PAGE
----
TITLE: The Wreck of the Trimethian Star
AUTHOR: roseveare
SUMMARY: With new companion Jake Foley on board, the TARDIS responds to a centuries-old distress call. But how much of an advantage are nanites where alien technology is involved?
NOTES: Written for the Doctor Who Choose-Your-Own-Companion crossover ficathon - the 5th Doctor with Tegan, Nyssa & Adric, and Jake 2.0's Jake Foley.
WARNINGS: Crackfic. I make no promises to avoid the obvious in dialogue, plotting, fights, bad jokes, gratuitous mentions of Australian beer, and quite possibly teh sex. You have been warned.
DISCLAIMER: Not mine, no profit, yadda, yadda, yadda.

The Wreck of the Trimethian Star

Chapter 1

Tegan didn't know what to make of the new bloke, but then that was pretty par for the course when you were sharing living space with strangers picked up from 20 years in your own planet's future. Somehow that freaked her out more than sharing living space with aliens. Especially when this stranger could turn the lights on and off with his brain. That was a handy trick. Going into convulsions when the Doctor threw the take-off control on the TARDIS was less handy. And she really hoped he'd been joking when he made that crack about x-ray vision. She was fairly sure he'd been joking. But he had turned a funny shade of red, and still wasn't able to meet her eyes.

He was American, which Tegan thought probably explained a lot anyway. But apparently he had saved Nyssa's life from the alien cat-things that the Doctor had called a name like 'sminnigles' - unless it really had been 'smurfniggles', and who the hell came up with these names anyway?

She was reserving final judgement until he recovered the use of his larynx within her presence.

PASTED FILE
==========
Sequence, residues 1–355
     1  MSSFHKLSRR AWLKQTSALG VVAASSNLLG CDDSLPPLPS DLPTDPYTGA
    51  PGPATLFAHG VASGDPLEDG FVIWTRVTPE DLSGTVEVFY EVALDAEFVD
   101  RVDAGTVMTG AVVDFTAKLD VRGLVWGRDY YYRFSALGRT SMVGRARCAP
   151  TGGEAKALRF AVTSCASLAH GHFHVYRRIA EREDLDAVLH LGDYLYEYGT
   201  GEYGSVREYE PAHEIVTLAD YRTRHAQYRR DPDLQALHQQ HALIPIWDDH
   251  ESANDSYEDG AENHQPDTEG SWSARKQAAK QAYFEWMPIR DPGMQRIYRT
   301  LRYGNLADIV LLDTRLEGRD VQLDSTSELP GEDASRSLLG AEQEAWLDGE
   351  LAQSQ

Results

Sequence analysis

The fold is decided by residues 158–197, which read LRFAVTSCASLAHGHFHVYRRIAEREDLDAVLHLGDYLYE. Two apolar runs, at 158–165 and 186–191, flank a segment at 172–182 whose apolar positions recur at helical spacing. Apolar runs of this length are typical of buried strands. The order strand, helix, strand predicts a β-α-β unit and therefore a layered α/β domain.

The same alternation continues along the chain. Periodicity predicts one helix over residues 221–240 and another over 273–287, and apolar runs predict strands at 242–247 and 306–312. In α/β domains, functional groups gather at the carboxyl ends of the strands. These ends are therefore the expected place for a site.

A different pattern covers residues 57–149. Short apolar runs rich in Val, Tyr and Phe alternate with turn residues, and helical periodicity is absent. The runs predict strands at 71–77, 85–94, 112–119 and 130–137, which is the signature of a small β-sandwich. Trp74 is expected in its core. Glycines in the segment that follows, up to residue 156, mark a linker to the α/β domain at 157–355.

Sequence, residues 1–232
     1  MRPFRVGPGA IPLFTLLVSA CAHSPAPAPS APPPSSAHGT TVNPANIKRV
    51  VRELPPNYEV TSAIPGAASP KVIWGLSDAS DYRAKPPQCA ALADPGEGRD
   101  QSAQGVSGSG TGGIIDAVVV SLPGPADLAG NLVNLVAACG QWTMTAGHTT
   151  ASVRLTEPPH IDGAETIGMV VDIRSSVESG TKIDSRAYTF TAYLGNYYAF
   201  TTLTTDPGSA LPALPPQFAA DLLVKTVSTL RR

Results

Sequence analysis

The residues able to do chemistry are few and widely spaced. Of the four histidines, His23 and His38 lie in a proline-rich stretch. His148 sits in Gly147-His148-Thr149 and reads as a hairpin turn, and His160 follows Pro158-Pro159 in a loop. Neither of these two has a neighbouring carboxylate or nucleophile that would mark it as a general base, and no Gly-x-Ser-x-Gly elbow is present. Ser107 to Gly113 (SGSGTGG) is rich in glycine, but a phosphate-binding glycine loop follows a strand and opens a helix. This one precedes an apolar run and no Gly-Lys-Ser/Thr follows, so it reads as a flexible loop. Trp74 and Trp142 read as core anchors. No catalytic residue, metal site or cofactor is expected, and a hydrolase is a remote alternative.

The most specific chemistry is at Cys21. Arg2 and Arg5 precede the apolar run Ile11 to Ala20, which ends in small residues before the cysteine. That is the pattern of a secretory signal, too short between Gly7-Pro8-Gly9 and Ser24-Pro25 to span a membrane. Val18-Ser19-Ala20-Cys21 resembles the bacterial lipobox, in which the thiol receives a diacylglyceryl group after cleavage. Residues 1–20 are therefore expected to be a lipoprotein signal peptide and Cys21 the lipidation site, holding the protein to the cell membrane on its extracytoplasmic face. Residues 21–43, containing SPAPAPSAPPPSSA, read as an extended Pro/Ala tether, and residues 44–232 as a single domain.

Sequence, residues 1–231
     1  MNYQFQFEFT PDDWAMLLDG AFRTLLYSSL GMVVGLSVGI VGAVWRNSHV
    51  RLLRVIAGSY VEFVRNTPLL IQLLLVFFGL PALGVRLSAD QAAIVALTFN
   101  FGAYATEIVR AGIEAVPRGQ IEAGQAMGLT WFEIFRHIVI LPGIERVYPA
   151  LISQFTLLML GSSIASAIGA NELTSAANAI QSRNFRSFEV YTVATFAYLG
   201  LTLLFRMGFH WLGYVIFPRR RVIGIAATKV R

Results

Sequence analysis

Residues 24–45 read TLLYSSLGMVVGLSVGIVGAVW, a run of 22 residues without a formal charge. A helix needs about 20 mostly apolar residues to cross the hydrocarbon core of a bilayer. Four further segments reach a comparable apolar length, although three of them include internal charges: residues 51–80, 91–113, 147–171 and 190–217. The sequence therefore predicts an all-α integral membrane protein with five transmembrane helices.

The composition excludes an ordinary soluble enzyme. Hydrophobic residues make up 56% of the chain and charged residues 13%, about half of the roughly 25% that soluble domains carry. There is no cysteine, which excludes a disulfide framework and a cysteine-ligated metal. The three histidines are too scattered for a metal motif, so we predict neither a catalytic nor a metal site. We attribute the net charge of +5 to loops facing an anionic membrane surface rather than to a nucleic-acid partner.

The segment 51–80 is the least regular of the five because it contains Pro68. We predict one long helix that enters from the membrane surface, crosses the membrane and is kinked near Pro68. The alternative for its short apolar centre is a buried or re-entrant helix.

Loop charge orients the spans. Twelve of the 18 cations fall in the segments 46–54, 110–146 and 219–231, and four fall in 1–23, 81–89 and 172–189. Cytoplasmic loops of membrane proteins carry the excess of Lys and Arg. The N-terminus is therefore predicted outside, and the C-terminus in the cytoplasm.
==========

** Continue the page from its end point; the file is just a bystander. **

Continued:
She wouldn't have pegged government agents as the type the Doctor would invite to hop on board for a ride, and even if this one was enough of a goof to counter the initial impression of suit-badge-gun and "come with us to answer a few questions", she strongly suspected an ongoing conspiracy against her, personally, because he liked maths and (obviously) computers, too - and if they didn't get someone normal around here soon she was going to go nuts.

Bad enough when Nyssa, Adric and the Doctor got together. She couldn't contend with four of them.

She stuck her toe into the swimming pool. The water was perfect. Her own running dive definitely wasn't, but what the hell. She wasn't sure how long she'd have to take advantage of the pool before the TARDIS managed to lose it again. It was big and circular and glitteringly pristine, and it had roundels on the sides (well, of course it did) and she'd found it off a corridor near her own room that definitely wasn't there last week.

Tegan hadn't been swimming about for very long when she almost jumped out of her skin as a familiar voice spoke up. "I wondered where you were hiding."

It wasn't really possible to cover up her reflexive jump, given the splash it made. She almost choked as she turned and saw the Doctor looking utterly ridiculous in some type of Victorian bathing costume. It had red stripes.

"You look like you should be carrying a big sack saying 'SWAG' on it," she told him. She hugged her arms over her chest and felt exposed.

Her comment didn't make a dint in him. She doubted he even noticed. "You are hiding from us, aren't you?" he asked, faintly perplexed, as he sat on the side of the pool and dangled his feet in the water. It didn't exactly give him any of his dignity back.

"I'm hiding from the science convention," Tegan clarified, "and I'll come out when you've all finished fixing robo-boy's nanobots so I can actually talk to someone without having the words 'artron energy' crop up in the conversation."

"Oh dear," the Doctor said. He frowned at his feet, wriggling his toes to make ripples in the water. Tegan gave up on modesty and pushed off from the side of the pool to swim another length - another diameter - perpendicular to him. "I suppose we have all been a little intense, haven't we?" She surfaced long enough to glimpse him flap his hands helplessly and sigh. "This isn't turning out to be much of a fun trip for anyone, is it?"

She halted where she was, treading water. "I don't begrudge you fixing the bloke. All I'm saying is that I'm not coming out until it's done."